The World As You Don’t Know It

After my daily dose of news snippets I was thinking about how potentially massive change in how we live and how we see things, is evident in little bits of news.  In the last few days we heard about Katie Couric, Meredith Vieira and Matt Lauer all making the decision to leave network television.  Is it network fatigue or is it a realization that they could do so much more with a crack at personal branding?

 The Katie Couric Show, The Matt Lauer Show, these are all real possibilities and for these people, if they choose to go for these personal branding opportunities, success is more likely than not.  In a world where the distinction between varying degrees of celebrity is fast blurring, people like news anchors suffer the possibility of extinction and redundancy if they don’t take some steps to underscore their ability to command an audience.
Along similar lines, not much of a digression at all, we hear about CNN ratings slipping because “Breaking News” doesn’t bring in viewers anymore.  It has been several years since I tuned into a channel that brings breaking news because by the time they break the news it has already been broken by citizen journalists and microbloggers.  No sooner has an event happened that politico.com tells me all about it…within seconds of it happening.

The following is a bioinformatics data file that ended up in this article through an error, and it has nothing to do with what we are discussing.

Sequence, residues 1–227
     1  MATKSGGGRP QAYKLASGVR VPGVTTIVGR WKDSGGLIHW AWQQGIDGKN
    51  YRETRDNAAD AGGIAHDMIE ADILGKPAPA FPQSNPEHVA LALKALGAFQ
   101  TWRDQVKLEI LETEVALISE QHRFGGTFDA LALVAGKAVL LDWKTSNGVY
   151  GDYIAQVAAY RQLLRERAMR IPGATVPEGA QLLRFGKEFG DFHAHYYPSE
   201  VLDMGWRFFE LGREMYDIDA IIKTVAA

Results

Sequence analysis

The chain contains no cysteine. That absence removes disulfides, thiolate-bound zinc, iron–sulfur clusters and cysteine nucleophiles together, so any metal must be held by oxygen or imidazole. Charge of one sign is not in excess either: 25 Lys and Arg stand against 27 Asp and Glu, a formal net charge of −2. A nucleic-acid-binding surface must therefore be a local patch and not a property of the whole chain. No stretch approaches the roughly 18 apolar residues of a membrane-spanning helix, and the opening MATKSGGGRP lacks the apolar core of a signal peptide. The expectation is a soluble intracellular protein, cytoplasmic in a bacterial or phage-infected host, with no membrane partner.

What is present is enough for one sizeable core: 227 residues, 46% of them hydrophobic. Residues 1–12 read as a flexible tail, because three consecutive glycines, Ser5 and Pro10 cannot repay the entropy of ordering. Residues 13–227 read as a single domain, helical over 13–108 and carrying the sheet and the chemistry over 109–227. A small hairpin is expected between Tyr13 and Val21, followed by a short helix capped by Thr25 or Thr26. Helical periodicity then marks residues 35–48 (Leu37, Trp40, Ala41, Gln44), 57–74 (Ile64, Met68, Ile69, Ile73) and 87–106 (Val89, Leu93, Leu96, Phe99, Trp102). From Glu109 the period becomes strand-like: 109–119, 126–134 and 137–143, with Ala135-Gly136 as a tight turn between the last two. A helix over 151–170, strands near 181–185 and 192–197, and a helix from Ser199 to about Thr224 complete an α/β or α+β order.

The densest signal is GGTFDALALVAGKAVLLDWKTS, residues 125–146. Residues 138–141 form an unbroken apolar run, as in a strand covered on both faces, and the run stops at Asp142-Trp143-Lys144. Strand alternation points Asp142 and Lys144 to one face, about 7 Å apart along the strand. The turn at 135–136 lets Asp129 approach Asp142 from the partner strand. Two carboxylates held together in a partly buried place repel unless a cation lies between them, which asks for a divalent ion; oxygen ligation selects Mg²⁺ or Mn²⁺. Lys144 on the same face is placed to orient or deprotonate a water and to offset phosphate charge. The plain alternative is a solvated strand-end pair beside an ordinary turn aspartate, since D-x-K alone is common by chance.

Then there are newspapers, the news about newspapers these days is about them finding ways to adapt.  There’s the New York Times pay wall, they won’t be giving it away anymore and there is no reason for them to do so.  They have enough equity in their name, enough followers of their brand of long form journalism, there are enough of us out there who would rather pay what NYT wants to charge than be deprived of reading what they have to say.  Most of the top newspapers – The Washington Post, The Chicago Tribune, The LA Times – are all in the same boat and they need to ride this wave with a certain degree of panache and equanimity about the fast moving, shifting and often alarming quicksand nature of events in our times.
 USA Today, another major newspaper in the news today is debating whether they want to pay bonuses on the basis of “page views”.  That’s another example of a dawning realization that “what” is being written is about to take a backseat to “how many” read it and “who” wrote it.  Perhaps this was always true to some extent.  Success in media cannot be expected if the “what” ever got sacrificed in its entirety.  However, chances are, that something immensely readable could vanish without a trace if enough people haven’t “liked” it, “shared” it, “recommended” it or “”Digg’d” it.